Percentage Of Total Generation

One (still relatively small) part of the 2.2 percent of electric power on the U.S. grid coming from solar energy is community solar – large, central solar power plants whose electrical energy is shared by more than a single property. Community solar isn’t available in every state yet, but in the states with active projects, they offer an opportunity to save on your electric bills while supporting the addition of more solar to your local grid.

Interested in joining a community solar project? On the EnergySage Marketplace, you can compare solar farms in your area that are available for subscription. While community solar savings are generally lower than those you could see with a rooftop solar photovoltaic system, not everyone can install panels on their property. Community solar is a great way to save money on electricity, especially for people who don’t own the home they live in (like renters).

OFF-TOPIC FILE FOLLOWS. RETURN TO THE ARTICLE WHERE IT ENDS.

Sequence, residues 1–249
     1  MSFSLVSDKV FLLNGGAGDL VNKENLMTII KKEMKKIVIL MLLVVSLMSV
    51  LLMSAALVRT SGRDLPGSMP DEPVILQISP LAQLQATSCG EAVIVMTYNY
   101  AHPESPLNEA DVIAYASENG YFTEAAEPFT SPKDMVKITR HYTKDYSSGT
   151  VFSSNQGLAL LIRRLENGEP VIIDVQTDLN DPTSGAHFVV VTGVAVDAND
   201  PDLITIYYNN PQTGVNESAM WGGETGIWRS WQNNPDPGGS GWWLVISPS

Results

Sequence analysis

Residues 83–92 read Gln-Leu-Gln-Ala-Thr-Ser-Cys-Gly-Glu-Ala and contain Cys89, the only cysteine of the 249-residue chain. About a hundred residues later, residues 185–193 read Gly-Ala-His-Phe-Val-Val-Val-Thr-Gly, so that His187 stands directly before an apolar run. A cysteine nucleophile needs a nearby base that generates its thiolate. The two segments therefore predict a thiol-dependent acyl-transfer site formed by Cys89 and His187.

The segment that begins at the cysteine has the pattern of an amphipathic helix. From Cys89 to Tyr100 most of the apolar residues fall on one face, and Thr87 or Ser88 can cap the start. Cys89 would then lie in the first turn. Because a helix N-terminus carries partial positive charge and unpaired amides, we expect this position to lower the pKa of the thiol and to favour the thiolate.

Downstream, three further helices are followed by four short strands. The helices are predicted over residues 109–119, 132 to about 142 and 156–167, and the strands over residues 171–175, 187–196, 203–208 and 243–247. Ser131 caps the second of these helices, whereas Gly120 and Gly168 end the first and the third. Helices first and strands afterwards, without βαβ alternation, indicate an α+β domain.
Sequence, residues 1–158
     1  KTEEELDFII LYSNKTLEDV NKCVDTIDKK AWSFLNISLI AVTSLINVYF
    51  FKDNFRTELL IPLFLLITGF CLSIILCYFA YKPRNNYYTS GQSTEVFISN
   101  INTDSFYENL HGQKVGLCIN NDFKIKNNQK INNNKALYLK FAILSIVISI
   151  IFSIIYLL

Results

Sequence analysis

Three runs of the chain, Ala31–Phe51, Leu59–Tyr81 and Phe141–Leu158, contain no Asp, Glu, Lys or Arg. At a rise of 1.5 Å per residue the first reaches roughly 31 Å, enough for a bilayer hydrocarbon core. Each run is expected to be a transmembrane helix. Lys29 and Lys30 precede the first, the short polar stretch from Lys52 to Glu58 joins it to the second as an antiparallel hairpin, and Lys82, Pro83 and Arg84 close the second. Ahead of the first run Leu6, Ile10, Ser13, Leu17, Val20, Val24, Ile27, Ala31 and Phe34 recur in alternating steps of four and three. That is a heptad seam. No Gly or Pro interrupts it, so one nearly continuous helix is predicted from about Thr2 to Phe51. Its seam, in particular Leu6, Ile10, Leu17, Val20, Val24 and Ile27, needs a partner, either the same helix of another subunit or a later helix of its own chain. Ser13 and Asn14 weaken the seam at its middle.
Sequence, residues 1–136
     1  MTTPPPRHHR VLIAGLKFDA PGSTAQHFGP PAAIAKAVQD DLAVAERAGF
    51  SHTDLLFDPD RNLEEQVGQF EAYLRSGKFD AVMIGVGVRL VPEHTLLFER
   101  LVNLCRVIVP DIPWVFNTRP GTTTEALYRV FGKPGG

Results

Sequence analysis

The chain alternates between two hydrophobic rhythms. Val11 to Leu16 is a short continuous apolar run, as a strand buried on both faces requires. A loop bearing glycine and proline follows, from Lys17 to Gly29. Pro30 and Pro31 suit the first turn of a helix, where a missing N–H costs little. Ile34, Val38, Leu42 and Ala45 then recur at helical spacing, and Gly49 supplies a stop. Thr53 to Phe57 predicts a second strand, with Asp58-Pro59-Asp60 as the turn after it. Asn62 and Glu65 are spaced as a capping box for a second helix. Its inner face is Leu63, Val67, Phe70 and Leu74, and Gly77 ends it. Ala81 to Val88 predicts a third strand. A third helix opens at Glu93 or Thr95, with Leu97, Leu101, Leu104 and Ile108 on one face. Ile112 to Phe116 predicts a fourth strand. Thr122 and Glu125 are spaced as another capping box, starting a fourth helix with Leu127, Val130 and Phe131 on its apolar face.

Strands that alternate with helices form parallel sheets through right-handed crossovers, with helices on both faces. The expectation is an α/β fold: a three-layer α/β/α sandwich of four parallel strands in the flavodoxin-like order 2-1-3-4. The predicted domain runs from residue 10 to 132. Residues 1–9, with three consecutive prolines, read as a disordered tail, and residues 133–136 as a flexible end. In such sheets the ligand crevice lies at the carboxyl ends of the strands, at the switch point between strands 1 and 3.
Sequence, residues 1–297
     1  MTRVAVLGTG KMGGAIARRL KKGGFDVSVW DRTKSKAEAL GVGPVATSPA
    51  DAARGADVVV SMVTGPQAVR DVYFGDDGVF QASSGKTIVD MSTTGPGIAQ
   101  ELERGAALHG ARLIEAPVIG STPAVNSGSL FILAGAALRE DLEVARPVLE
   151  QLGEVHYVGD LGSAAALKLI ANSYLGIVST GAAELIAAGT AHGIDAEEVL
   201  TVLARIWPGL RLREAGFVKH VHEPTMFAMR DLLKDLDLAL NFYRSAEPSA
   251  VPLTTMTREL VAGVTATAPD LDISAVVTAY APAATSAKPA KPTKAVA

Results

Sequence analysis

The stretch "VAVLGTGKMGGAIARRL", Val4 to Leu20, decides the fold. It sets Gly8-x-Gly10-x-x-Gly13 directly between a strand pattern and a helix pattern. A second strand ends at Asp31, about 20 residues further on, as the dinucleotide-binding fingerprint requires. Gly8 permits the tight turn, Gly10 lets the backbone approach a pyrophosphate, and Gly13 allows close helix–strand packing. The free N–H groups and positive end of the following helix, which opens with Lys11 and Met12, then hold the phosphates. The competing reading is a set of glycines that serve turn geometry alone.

Whether you determine a rooftop solar panel system or a community solar subscription is right for you, both are effective ways to reduce your carbon dioxide & greenhouse gas emissions and save money on your electric bills with renewable energy. In the case of community solar, you’re not necessarily getting the electrons from solar right to your house, but you are contributing to a larger percentage of the grid coming from solar. Help minimize the effects of climate change today and get started with rooftop or community solar!

Find out what solar panels cost in your area in 2023
Please enter a five-digit zip code.
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Please enter a five-digit zip code.